I loved this book. That doesn't seem a strong enough statement somehow. This book is in my top 5 ever and I'm an avid reader. It's a beautiful fairytale for grown ups full of magic and mystery. The story follows a young boy whose father has remarried and had a baby with his new wife and how this young boy deals with the loss of his beloved mother and jealousy towards his new step-brother. What follows is a beautiful tale of adventure and acceptance as the boy's stepbrother is stolen away by a mysterious figure and his journey to rescue him. I really don't want to give too much away but I highly suggest you read it. A perfect book to curl up with on a winters day with plenty of hot chocolate.
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17 of 19 people found the following review helpful
4.0 out of 5 stars Fairy Tale for Grown-Ups 30 April 2007
By O E J TOP 500 REVIEWER VINE VOICE
Format:Paperback|Verified Purchase
In this stand-alone novel Connolly has adapted or taken extracts from a number of classical fairy tales to create one story, which in common with The Chronicles of Narnia takes place in Second World War England and involves a secret portal to a magical mystery land with battles of its own being fought and involving half-human, half-animal hybrids. While on the one hand it's tempting to suggest that this is purely an indulgence on the author's part, there's no denying that it's well written and the imagery and atmosphere he creates - so often a Connolly strength - is probably his best to date because he has given himself free rein to fantasise as much as he wants to.

In my own paperback copy, an unusual supplement to an already unusual book includes an `interview' with Connolly in which he is asked such questions as why he wrote the tale at all. I won't spoil things here, but I do find it curious that the novelist finds a need to justify the writing of a story and to publish those reasons in the book itself. Not that it matters, it takes a little while adjusting to the nature of the story after the very different style of the Charlie `Bird' Parker series but once the reader becomes familiar with it, it makes for entertaining reading. Despite its fairy-tale underpinnings, however, this is not a story for young children; there is no bad language at any time but some of the violence, while pretty tame compared to traditional Connolly fare, would make for an uncomfortable bedtime story for your seven-year-old daughter!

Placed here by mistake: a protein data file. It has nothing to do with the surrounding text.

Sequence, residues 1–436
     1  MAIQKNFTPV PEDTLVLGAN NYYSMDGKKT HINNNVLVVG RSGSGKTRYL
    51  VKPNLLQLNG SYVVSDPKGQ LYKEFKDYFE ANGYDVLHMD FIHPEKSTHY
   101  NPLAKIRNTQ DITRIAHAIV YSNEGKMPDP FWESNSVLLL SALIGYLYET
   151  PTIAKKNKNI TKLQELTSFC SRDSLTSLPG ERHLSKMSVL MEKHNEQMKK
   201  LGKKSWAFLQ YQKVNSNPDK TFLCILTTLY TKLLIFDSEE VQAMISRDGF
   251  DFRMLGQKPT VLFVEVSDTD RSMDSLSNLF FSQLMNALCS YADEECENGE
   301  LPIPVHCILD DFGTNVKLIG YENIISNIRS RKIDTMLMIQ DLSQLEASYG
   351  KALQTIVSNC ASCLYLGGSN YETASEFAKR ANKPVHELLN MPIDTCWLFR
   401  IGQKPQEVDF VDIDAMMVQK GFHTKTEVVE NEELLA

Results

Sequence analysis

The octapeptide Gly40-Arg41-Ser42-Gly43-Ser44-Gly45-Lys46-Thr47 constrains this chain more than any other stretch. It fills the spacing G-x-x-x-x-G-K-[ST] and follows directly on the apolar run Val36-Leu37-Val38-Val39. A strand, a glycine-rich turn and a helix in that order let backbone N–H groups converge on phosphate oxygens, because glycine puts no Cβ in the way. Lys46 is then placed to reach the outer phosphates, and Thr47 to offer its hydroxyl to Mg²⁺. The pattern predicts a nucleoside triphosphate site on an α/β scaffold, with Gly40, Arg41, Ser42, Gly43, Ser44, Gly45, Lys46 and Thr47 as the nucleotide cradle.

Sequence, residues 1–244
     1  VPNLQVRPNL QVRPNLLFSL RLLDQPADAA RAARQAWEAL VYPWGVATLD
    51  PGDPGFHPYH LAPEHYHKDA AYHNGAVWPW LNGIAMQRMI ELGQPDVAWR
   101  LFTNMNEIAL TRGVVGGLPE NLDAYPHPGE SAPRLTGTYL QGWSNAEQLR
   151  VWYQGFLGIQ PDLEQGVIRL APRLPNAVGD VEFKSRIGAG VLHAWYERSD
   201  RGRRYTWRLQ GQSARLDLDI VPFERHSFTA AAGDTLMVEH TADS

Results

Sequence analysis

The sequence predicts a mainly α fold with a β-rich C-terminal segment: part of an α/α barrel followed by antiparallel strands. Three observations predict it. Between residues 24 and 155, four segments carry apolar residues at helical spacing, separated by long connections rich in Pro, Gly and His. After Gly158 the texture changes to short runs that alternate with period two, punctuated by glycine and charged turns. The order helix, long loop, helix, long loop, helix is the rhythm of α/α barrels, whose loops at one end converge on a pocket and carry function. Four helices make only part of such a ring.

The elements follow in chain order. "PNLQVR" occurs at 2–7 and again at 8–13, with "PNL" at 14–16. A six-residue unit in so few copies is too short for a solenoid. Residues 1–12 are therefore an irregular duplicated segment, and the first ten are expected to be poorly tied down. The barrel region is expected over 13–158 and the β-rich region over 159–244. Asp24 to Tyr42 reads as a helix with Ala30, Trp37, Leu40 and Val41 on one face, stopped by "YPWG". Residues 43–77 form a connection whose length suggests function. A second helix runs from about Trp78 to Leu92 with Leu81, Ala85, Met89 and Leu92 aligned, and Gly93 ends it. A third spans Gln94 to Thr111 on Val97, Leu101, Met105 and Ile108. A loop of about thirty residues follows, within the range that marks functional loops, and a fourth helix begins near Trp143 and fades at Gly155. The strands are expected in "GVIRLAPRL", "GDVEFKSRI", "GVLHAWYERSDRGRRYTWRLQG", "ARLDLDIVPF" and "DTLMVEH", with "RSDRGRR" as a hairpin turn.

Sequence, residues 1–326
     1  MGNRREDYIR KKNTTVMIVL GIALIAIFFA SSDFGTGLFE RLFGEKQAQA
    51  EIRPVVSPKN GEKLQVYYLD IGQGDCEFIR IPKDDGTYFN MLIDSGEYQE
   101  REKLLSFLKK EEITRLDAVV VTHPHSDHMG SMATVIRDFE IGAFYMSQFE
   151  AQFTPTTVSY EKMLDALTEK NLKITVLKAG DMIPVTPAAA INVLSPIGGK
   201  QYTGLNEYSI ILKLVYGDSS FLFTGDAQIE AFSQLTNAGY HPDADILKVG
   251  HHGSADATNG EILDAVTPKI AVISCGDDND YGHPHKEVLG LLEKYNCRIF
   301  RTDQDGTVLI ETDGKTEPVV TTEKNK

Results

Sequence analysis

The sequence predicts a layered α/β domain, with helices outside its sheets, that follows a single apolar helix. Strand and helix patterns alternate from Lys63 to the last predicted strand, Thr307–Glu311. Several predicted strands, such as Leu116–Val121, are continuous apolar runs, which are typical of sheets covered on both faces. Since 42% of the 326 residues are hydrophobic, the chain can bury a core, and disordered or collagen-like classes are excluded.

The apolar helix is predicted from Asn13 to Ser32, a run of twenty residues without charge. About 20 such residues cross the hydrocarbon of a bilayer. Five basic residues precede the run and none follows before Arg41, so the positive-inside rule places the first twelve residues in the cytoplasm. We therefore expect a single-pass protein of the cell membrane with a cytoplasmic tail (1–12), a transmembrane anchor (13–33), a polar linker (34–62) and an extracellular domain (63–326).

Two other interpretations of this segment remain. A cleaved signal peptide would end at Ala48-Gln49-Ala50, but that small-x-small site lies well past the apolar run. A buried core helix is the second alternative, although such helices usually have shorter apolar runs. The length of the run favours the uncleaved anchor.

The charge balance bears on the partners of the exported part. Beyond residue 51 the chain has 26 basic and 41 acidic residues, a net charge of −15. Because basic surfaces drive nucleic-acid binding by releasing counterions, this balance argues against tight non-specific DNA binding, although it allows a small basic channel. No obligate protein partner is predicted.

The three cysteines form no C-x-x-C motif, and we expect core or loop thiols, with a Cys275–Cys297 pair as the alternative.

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Most Recent Customer Reviews
5.0 out of 5 stars Amazing book
An adults fairy tale, but a dark one that makes you think and question!!!!

Very compelling, extremely good!!!! Read more
Published 17 days ago by lala
5.0 out of 5 stars Just brilliant
I've cried, I've been scared and laughed. Please read this book. It's firmly in my top favourites now. Read more
Published 29 days ago by C A Banks
5.0 out of 5 stars My most favourite book ever
My most favourite book ever, couldn't put it down and bought everyone I know a copy for Christmas and they love it too. Read more
Published 2 months ago by shonagh roy
5.0 out of 5 stars Five Stars
pleased with item
Published 2 months ago by Treacle well
1.0 out of 5 stars This could have been great, but...
**SPOILERS**

Like a few people, I had really high expectations for this book, because the blurb made it seem exactly the sort of thing I love; adventure, fairy-tales,... Read more
Published 3 months ago by Bucket
5.0 out of 5 stars ... an over used saying but in this case its perfect, I genuinely...
I know it is such an over used saying but in this case its perfect, I genuinely could not put this book down. It is now firmly placed with all my favorites
Published 3 months ago by richard
4.0 out of 5 stars Grimm but beautiful
4.5 stars

This reminded me a little of Patrick Ness' YA novel on grief, A Monster Calls, both books featuring children coping with the loss of a mother to illness. Read more
Published 3 months ago by K. J. Noyes
5.0 out of 5 stars Ghoulish fairy tale retelling
Long been a fan of John Connolly and his Charlie Parker Novels but wasn't sure what I would make of his reworking of these tales but really enjoyed it,
Published 3 months ago by Mr. G. J. Mcglone
5.0 out of 5 stars Enchanting, erudite and very, very funny.
The Book of Lost Things is magnificent; it pleases on so many levels. It’s an adventure, a quest, an examination of the psyche of childhood. Read more
Published 4 months ago by Clodagh Phelan
5.0 out of 5 stars John Connolly books.
Very good read. Can't wait for his next book.
Published 4 months ago by jan